I enjoyed this book quite a bit. Being a long-time fan of the Byrds and their offshoots, I already knew many of the stories, but Hillman does provide some fresh insights. The preliminaries are a bit too long for my taste. Hillman doesn’t actually document his initiation into the Byrds until page 67, nearly one-third of the way through the book, but that’s a minor criticism. The takeaway is the interesting story of a very shy, young musician of limited abilities, who, despite plenty of adversity, determinedly persisted and made himself into a remarkable talent and showman. No one in attendance at those early Byrds concerts in 1965, including his bandmates, would have guessed that the shy bass player with his back to the audience would go on to carve out a distinguished, fifty-five-year career. Those in the know recognize Chris Hillman, now age 75, as one of the principal pioneers of the country-rock sound, which would later be successfully commercialized by the Eagles.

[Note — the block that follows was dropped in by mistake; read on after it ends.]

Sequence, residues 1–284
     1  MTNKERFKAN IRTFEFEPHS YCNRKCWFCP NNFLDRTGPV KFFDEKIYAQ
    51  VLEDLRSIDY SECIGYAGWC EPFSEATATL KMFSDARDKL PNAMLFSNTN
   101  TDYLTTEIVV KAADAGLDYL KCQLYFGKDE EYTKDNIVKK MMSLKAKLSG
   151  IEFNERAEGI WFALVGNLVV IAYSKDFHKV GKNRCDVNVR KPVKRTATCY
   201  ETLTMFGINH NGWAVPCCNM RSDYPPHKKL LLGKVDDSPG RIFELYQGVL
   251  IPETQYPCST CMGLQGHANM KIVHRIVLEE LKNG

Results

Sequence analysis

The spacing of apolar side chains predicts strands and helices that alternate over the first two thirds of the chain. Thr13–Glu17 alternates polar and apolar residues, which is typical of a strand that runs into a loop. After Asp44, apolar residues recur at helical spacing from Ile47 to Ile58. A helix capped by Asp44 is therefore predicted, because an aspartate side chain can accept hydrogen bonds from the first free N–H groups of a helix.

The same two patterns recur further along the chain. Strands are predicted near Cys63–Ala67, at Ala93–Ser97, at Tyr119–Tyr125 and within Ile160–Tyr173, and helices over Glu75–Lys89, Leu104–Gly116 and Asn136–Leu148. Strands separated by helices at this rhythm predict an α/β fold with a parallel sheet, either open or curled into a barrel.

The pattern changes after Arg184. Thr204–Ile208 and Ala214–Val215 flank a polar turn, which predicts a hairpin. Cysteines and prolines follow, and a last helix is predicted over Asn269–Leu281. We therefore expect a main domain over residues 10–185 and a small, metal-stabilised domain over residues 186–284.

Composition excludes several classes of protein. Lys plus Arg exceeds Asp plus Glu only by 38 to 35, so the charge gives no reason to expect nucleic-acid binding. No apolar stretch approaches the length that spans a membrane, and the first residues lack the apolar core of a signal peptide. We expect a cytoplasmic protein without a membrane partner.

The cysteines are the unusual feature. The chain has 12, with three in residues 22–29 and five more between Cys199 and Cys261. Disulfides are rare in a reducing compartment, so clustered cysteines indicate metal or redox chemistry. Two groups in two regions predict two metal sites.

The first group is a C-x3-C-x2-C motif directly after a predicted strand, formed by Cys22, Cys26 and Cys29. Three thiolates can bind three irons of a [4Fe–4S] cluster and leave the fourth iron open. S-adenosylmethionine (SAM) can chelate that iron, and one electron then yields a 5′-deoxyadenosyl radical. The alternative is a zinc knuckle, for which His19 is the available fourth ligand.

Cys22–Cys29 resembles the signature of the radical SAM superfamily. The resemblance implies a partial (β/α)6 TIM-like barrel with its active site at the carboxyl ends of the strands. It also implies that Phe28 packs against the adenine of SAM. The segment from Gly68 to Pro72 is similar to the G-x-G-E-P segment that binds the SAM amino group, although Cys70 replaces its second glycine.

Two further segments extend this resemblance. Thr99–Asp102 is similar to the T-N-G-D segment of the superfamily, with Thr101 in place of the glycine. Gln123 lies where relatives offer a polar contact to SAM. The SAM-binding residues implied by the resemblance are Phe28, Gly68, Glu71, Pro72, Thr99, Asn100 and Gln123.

Status of the other founding members of the Byrds: Gene Clark (d.1991) and Michael Clarke (d.1993) died from drug and alcohol abuse. After achieving fame and success as a member of Crosby, Stills, and Nash, David Crosby nearly ended his life due to drug addiction before spending five-months in prison and drying out in 1986. He continues making albums and touring. Jim (later Roger) McGuinn also became heavily involved with drugs. In 1977, with his life spiraling out of control, McGuinn accepted Jesus Christ as his Savior. He also continues to record and tour and publicly profess his faith. See my post about McGuinn here. For my reviews of all twelve of the Byrds’ albums, see my index here.